Upon successful completion of this learning experience, students will be able to: explain foundational concepts related to reading and writing pedagogy for young children; critically analyze the influence of curriculum standards, social, and environmental factors on students’ learning outcomes; discuss emergent literacy and basic decoding strategies, including phonics, and syllabic analysis; describe how literacy acquisition is assessed; discuss how music and movement can be integrated into curricula; investigate the critical factors associated with literacy instruction and essential reading and writing strategies, and investigate strategies for building vocabulary and other foundational literacy skills.

    This course helps students develop an understanding of effective practices for teaching reading and writing. Major topics include: concepts and techniques related to research-based literacy instruction, the importance of curricula and proper assessment strategies in meeting the individualized needs of learners. Instructional methods include: study guide, required readings, and a final exam.

    In the lower division baccalaureate/associate degree category, 3 semester hours in Early Childhood Education, Elementary Education, or Reading and Literacy Instruction (1/20).

    Music Education

    (ECE-302)

    $150.00


    Location:
    Various: distance learning format


    Length:
    Varies (self-study; self-paced)


    Dates:
    August 2018 - Present.


    Instructional Delivery Format:
    Online/distance learning


    Category:
    Education


    Upon successful completion of this course, students will be able to: explain the role that music and movement have in helping children to develop both physically and psychologically; critically analyze the influence of curriculum standards, social, and environmental factors on students’ learning outcomes; compare and contrast how infants and young children are assessed; describe how music and movement can be integrated into curricula that target early learners; identify the critical factors associated with creating a classroom environment that facilitates the inclusion of music and movement as learning strategies.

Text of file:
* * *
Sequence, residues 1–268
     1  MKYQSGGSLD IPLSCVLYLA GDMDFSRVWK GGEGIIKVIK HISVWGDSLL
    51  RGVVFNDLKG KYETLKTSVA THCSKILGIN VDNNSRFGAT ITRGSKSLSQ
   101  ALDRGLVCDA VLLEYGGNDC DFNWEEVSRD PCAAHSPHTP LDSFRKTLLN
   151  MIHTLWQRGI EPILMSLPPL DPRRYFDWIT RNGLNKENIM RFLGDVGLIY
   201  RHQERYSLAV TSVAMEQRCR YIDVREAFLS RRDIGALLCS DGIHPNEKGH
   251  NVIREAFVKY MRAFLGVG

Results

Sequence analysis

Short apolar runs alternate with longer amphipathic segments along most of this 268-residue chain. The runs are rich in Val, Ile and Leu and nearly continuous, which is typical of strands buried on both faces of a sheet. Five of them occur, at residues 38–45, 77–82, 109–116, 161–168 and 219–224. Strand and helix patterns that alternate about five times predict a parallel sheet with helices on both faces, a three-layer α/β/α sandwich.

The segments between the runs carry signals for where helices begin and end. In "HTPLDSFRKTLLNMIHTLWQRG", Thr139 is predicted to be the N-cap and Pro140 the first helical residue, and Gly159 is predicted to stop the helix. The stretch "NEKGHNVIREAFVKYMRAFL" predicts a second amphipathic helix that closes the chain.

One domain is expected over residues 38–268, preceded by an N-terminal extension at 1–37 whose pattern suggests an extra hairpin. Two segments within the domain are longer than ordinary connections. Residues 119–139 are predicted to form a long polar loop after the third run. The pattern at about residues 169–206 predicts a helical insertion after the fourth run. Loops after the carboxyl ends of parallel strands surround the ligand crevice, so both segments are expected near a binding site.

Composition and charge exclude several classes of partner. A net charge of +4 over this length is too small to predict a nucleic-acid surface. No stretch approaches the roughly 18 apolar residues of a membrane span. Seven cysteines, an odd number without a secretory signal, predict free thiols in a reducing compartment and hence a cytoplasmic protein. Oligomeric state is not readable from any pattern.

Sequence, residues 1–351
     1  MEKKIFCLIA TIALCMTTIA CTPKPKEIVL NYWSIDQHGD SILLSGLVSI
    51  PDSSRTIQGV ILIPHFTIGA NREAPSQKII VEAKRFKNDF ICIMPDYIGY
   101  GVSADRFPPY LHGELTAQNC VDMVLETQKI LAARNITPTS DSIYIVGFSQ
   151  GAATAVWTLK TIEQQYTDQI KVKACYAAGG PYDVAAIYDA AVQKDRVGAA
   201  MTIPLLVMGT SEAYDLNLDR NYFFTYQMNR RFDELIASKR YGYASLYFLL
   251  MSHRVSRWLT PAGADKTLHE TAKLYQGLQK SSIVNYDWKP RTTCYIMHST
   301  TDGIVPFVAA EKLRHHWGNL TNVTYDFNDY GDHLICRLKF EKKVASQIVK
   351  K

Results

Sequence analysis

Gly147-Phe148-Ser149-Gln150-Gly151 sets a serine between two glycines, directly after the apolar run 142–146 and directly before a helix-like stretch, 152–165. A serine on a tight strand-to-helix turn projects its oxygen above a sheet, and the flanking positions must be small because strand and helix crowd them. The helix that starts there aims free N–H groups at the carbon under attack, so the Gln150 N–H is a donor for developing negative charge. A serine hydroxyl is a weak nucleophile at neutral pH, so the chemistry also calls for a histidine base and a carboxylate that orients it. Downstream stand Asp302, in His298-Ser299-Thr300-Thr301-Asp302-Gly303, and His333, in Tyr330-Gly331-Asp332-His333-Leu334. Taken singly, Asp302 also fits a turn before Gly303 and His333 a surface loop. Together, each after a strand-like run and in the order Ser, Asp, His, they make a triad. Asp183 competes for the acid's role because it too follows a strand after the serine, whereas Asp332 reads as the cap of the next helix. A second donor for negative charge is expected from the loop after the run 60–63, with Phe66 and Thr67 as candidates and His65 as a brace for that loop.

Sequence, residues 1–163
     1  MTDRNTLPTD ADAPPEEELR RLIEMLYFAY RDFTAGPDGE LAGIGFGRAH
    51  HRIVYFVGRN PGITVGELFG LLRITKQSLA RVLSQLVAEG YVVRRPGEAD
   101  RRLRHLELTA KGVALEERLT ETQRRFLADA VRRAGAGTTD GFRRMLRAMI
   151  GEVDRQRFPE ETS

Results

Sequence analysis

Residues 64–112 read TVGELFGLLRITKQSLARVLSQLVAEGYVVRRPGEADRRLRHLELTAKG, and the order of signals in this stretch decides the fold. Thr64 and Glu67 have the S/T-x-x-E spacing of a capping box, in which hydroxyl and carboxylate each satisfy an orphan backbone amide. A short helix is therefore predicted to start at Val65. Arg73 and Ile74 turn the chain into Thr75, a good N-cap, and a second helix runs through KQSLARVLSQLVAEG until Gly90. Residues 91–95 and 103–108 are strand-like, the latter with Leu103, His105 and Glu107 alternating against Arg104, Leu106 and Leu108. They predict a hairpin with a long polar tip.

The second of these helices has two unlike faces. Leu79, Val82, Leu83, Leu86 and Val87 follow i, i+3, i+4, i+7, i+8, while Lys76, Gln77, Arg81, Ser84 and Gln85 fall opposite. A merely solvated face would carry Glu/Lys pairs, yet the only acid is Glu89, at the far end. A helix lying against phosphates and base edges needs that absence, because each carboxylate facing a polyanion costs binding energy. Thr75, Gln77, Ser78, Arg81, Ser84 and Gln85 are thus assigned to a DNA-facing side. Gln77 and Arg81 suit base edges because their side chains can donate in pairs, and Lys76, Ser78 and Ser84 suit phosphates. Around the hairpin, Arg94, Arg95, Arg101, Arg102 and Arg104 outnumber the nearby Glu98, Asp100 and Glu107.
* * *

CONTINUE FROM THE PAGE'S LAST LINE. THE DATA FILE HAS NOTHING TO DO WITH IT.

This course teaches participants how to engage young children in active learning through the use of music and motor activities. Students develop an understanding of how to develop curriculum materials and learning environments that foster the mental and physical development of young children. The readings and practice materials are designed to engage course participants in critical thought to develop the knowledge, skills, and dispositions that are necessary to effectively educate young children. Students gain a deeper understanding of the important role that music and movement play in the academic, psychological, social, and physical development of children. Additionally, students explore the importance of curricula and proper assessment strategies in meeting the individualized needs of early learners.

    In the upper division baccalaureate degree category, 3 semester hours in Early Childhood Education, Elementary Education, or Music and Movement (8/18).